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Embedded BI: Intelligence at Your Service

As organizations grow to depend on globally distributed service networks, their business intelligence (BI) capability must adapt. Here's how autonomous agents will "embed" BI in business processes to overcome new challenges.

Outsourcing individual business operations and services is a major trend in global business operation models today. In such scenarios, often the only legal obligations that govern the service provider are the terms stated in the service-level agreement (SLA) for a specific service performed and rendered.

What companies most commonly want to outsource are service- and manufacturing-oriented business operations. Manufacturing processes, although complex, have less direct interaction with customers; current SLAs are normally sufficient regardless of where the actual manufacturing, assembly, and delivery process takes place. Customer service operations, however, require service providers to have direct interaction with customers. Beyond the technical aspects of problem resolution and support, it matters a great deal how "tuned" a service provider is to the customer's psyche. It's very hard to spell out cultural, linguistic, and psychological characteristics in SLAs.

Today, when customers call to address problems or follow up on unresolved problems, they usually end up interacting with voice-response prompting systems, which put them through sequences of prompts, and eventually to customer service representatives. By the time customers reach live representatives, they're already frustrated. Further delays and unsatisfactory answers stoke agitation, eroding customer confidence and possibly causing the company to lose business. Is it possible to turn such a situation around?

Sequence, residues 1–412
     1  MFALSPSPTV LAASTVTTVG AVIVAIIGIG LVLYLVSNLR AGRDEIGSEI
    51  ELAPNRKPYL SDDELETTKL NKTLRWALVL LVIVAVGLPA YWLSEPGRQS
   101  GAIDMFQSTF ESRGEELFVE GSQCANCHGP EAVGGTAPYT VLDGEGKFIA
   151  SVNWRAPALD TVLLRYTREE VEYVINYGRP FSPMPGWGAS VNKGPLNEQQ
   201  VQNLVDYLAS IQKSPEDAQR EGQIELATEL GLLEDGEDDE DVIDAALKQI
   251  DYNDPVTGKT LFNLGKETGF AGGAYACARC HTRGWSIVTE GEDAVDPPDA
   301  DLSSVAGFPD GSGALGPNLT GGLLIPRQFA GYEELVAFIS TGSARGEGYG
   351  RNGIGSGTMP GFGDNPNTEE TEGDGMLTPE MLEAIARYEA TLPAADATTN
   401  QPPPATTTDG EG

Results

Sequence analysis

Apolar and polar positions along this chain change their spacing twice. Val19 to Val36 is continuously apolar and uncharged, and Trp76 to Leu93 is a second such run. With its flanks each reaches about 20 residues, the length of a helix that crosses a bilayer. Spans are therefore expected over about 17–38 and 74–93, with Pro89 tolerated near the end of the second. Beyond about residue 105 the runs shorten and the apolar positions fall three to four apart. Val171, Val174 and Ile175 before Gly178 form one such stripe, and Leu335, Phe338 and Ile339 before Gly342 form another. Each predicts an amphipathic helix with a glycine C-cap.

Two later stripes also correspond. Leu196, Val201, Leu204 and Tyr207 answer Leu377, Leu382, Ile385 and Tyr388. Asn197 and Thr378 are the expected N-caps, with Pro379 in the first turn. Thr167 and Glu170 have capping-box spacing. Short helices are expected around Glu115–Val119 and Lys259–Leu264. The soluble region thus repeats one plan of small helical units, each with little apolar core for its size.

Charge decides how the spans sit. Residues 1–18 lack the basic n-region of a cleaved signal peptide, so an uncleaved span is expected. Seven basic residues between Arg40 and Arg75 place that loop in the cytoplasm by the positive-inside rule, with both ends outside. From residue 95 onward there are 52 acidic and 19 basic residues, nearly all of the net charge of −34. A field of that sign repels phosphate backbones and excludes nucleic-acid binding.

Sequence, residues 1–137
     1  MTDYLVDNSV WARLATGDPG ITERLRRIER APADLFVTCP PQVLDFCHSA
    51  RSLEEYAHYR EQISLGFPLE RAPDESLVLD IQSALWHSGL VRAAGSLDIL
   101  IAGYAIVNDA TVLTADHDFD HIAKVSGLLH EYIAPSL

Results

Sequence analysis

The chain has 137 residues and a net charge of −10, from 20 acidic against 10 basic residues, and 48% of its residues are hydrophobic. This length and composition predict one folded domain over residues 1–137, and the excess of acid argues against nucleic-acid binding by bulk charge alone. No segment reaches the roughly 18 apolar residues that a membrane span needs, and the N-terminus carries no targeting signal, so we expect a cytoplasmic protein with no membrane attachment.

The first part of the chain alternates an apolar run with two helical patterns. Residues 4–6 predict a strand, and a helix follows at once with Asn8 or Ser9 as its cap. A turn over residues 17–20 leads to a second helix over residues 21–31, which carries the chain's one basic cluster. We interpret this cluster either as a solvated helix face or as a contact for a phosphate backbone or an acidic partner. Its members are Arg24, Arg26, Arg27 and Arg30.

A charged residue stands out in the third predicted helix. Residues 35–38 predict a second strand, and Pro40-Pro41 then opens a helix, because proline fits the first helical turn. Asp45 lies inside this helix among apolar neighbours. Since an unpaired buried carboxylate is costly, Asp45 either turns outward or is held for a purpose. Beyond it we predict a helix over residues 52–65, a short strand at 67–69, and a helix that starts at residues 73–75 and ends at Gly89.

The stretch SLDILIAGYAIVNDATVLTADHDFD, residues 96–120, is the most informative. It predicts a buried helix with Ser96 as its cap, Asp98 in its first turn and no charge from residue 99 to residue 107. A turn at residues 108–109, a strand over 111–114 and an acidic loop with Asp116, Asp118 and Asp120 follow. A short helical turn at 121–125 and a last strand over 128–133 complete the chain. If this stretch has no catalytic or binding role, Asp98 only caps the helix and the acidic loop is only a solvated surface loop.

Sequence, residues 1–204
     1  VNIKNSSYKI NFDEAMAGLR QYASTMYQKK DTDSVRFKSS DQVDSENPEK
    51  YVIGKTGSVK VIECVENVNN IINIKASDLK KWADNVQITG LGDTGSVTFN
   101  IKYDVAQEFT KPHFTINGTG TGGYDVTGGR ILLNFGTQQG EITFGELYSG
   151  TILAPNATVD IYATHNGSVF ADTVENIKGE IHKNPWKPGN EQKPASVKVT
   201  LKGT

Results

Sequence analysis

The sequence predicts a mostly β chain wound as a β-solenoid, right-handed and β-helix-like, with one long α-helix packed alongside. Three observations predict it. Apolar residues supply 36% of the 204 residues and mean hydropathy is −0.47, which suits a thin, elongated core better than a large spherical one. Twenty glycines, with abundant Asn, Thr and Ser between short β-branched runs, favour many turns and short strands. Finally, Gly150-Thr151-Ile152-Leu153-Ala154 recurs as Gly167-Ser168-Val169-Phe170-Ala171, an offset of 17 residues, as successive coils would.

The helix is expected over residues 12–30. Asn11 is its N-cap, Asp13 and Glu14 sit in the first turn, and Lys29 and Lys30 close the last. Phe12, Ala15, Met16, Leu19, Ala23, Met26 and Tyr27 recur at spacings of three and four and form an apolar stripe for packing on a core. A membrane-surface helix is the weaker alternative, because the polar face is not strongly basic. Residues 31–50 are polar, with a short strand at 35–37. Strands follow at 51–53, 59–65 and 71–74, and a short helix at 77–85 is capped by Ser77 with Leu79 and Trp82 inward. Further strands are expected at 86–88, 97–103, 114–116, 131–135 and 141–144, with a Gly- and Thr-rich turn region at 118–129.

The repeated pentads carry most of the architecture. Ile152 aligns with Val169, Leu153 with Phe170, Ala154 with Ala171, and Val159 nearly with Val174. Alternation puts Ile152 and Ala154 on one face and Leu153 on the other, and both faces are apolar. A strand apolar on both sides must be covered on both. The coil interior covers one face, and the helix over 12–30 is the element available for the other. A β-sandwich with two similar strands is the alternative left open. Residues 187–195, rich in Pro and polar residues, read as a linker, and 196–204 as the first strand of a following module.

Let's fast forward a few years. In a future version of this scenario, before the customer gets upset, embedded mobile intelligent agents pick up the conversation pattern and voice tone change. The system proactively addresses the rising anger by playing an appropriate subliminal message that calms both the caller and the customer rep before it gets too late. This "intelligence" is built right in the "communication" layer, where an intelligent agent performs voice mining on the fly to understand not only the language, voice envelope, and culture involved, but also the psyche of the caller. The system understands the customer's behavior with far more sensitivity than what's possible with today's customer profiling techniques.

Globally distributed intelligent agents can search and aggregate information from heterogeneous sources. Internet devices, making extensive use of in-memory database technologies, broadcast and receive information continuously through mobile agents as part of business process service chains. In a number of scenarios, such agents and devices will eliminate the need for traditional, central enterprise data warehouses where the SQL engine determines what "intelligence" can be derived from the warehouse's relational DBMS.

The key shift that will bring this vision into reality is the new wave of embedded business intelligence (BI) agent technologies, which are well suited for service-oriented business models. By definition, network-based services are decentralized; this new services environment changes the requirements for implementing intelligent business solutions.

Embedded BI Today

The buzz around "embedded BI" is growing among BI vendors. However, merely generating and publishing reports on a scheduled basis isn't embedded intelligence. Some vendors also describe embedded BI as the integration of information into portals to implement dashboards. I would classify current discussion about such BI solutions into four categories:

BI-centered analytics. BI vendors provide views against data warehouses. These views (primarily reports) are embedded in decision-support solutions and portals. This sort of "embedding" simply renders data into formats best suited for end-user views. Analytics aren't woven into business processes. Emerging technology for integrated OLAP, online analytic mining (OLAM), text mining, and visualization from vendors such as PolyVista will improve stand-alone, BI-centered analytics. However, rather than close integration with business processes, the focus remains on traditional, after-the-fact information processing from available data warehouses.

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